Earnings of Wall Street banks are under pressure after the crisis

NEW YORK (Reuters) – Most Wall Street banks are likely to report lower quarterly earnings and face a bleak outlook for the rest of the year, with last month’s regional banking crisis and slowing economy expected to hurt profitability.

Analyst estimates from Refinitiv I/B/E/S indicate that earnings per share for the six largest U.S. banks are expected to decline by about 10% from a year earlier. Banks begin reporting results on April 14.

Analysts said access to cheap deposits, which swelled for the largest banks as savers fled smaller lenders in the wake of last month’s Silicon Valley collapse, likely boosted net interest income for the largest banks.

JPMorgan Chase & Co. (JPM.N), the largest US bank, is likely to come out on top as its net interest margin — interest earned on loans versus interest paid to depositors — was higher than some of its peers, analysts said.

The bank is expected to post a 30% increase in earnings per share, supported by a nearly 36% increase in net interest income, according to Refinitiv I/B/E/S estimates and Reuters calculations.

However, tightening financial conditions and a slowing economy mean that banks face the prospect of tepid loan growth and strained credit, forcing them to increase provisions against potential losses.

“We expect a challenging earnings season for banks,” David Schiafferini, banking analyst at Wedbush Securities, said in a note.

He said bank managements would become more defensive, as they would implement liquidity measures that could lead to downward revisions to net interest income.

Earnings are also likely to be hit by another drought of deals and capital markets activity, and some analysts are forecasting a slowdown in trading revenue as well. These trends will hit especially hard investment banking powerhouses like Goldman Sachs Group Inc (GS.N) and Morgan Stanley (MS.N).

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Analysts said trading income, which has been a positive side in previous quarters, may suffer from lower equity trading in the first quarter compared to a year earlier, partially offset by strength in fixed income, currencies and commodities (FICC).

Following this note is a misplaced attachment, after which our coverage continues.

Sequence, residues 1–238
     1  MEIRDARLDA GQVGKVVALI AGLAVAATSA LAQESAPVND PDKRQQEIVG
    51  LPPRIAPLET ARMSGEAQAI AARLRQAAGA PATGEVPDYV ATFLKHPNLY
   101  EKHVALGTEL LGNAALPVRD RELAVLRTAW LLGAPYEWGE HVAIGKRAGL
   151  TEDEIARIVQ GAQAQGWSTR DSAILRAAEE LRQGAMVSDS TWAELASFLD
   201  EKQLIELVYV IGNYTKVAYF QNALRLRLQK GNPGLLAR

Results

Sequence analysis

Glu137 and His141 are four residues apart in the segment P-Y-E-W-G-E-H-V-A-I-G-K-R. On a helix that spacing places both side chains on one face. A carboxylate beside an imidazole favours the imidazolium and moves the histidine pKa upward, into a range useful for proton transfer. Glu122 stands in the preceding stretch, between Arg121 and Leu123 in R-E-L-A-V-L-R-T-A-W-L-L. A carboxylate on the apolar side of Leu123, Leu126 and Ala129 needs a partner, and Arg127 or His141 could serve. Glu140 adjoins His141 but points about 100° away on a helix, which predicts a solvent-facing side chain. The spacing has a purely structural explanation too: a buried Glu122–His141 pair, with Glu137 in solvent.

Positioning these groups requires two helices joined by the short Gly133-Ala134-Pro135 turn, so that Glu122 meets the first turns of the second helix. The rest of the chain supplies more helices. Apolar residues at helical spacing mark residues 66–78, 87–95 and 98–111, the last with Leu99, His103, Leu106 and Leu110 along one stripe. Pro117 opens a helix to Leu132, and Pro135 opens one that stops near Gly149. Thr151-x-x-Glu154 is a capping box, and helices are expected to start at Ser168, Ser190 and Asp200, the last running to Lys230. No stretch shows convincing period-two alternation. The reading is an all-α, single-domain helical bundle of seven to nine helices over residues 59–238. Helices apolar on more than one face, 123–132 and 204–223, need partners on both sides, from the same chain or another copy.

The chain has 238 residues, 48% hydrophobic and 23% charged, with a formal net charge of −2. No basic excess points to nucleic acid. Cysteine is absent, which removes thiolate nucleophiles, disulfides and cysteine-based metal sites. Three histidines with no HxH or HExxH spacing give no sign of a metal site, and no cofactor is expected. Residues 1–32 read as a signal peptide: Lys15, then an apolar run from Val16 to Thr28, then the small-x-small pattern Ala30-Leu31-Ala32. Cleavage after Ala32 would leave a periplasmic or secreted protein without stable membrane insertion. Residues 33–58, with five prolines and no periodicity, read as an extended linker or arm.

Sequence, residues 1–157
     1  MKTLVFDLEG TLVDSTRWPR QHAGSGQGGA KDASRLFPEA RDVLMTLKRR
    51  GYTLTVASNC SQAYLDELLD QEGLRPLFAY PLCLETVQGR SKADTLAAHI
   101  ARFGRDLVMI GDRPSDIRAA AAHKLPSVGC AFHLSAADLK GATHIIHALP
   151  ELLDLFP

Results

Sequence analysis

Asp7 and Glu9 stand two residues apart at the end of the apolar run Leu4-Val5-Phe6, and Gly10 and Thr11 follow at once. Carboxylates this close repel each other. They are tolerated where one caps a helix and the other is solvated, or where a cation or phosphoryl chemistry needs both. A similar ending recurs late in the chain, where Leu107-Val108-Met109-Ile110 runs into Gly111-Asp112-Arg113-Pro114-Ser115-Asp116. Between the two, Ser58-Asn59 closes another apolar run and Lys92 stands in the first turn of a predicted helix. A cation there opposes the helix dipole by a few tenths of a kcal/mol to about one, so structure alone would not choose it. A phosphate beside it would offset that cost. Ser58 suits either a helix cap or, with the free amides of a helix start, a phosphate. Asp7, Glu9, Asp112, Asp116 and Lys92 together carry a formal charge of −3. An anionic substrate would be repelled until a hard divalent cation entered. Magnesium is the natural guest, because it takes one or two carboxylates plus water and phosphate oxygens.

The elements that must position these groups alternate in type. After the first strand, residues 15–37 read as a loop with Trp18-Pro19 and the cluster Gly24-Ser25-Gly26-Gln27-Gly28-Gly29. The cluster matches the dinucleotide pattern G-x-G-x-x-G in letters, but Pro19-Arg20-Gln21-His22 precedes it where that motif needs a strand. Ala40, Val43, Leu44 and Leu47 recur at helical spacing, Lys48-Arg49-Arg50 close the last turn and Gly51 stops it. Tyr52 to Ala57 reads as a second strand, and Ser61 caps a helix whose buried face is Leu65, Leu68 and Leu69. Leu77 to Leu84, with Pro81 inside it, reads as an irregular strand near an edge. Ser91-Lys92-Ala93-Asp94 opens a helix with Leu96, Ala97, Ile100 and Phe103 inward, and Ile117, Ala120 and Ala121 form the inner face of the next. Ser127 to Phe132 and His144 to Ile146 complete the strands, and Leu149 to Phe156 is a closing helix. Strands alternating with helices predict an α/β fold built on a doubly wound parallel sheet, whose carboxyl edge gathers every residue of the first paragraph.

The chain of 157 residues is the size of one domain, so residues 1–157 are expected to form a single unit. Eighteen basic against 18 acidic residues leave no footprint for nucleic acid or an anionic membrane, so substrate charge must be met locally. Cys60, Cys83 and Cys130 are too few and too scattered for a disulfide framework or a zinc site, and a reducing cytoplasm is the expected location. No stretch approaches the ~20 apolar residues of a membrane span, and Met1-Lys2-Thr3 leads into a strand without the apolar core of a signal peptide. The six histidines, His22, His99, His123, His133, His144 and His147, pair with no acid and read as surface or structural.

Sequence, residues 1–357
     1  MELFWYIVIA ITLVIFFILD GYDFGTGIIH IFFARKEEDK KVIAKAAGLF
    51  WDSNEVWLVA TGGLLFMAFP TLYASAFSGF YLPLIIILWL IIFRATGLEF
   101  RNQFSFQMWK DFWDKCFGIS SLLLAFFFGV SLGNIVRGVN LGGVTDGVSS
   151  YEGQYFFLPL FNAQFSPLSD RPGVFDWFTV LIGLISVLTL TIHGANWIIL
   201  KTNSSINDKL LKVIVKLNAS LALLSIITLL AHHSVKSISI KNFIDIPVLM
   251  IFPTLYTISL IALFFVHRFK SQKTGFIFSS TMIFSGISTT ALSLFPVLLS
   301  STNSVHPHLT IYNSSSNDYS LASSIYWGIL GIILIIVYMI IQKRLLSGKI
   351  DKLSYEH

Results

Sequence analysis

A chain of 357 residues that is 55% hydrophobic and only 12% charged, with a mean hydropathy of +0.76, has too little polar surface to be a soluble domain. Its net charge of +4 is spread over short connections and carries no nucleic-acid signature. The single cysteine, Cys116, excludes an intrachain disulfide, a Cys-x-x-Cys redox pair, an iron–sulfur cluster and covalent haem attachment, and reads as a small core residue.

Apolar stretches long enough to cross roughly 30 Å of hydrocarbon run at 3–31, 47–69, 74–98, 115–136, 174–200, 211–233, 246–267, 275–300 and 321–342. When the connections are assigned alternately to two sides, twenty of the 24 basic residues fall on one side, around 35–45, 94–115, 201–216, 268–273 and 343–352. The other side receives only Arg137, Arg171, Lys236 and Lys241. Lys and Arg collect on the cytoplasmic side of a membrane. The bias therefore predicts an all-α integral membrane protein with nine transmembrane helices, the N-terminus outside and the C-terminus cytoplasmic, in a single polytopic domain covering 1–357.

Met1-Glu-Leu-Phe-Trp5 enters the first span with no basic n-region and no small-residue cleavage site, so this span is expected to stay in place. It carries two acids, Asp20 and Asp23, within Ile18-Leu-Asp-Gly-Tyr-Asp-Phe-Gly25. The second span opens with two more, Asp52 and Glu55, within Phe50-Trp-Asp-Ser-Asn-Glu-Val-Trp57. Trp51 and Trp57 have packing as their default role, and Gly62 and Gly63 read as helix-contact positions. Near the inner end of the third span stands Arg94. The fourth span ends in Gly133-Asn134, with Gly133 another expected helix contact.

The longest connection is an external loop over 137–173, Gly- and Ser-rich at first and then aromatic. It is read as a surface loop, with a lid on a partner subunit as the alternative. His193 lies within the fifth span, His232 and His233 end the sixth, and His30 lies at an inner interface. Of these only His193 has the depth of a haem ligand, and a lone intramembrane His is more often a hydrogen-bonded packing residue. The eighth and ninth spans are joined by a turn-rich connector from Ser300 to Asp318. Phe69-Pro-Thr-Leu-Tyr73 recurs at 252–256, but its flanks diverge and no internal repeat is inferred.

Goldman Sachs earnings could drop by a fifth, weighed down by investment banking woes, after a larger-than-expected 69% drop in fourth-quarter earnings, weighed down by wealth management revenue and consumer business losses.

The six banks declined to comment on upcoming results and expectations.

The S&P 500 (.SPXBK) Bank Index is down 14% year-to-date.

Reuters graphics

As interest rates rise, banks make more money from borrowers’ interest payments than they do from depositors.

Net interest income for the six largest US banks is expected to rise about 30% from a year earlier, according to analyst estimates from Refinitiv I/B/E/S.

However, gains from interest payments may be offset by bad loans.

“There will still be incremental increases in provisions coming this year,” particularly for commercial real estate and potential consumer credit cards, said Anna Arsoff, head of the North America banking team at ratings agency Moody’s Investors Service.

It expects lending to slow in areas such as trade, industry, autos and mortgages.

Investors will examine balance sheets to determine which lenders attracted or lost deposits during the March banking crisis, while assessing its impact on lending and the US economy.

The results will give a snapshot of how easy it is for lenders to fund operations and whether they have enough cushion to deal with shocks.

“Concerns about bank capital and liquidity levels are likely to persist for at least the next few months due to the recent pressures,” Gennady Goldberg, US interest rate analyst at TD Securities, said in an interview.

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Earnings per share estimates from Refinitiv I/B/E/S.

(Reporting by Saeed Azhar in New York and Mehnaz Yasmin in Bengaluru) Additional reporting by Nupur Anand and Tatiana Pautzer. Editing by Lanan Nguyen and Richard Chang

Our standards: Thomson Reuters Trust Principles.

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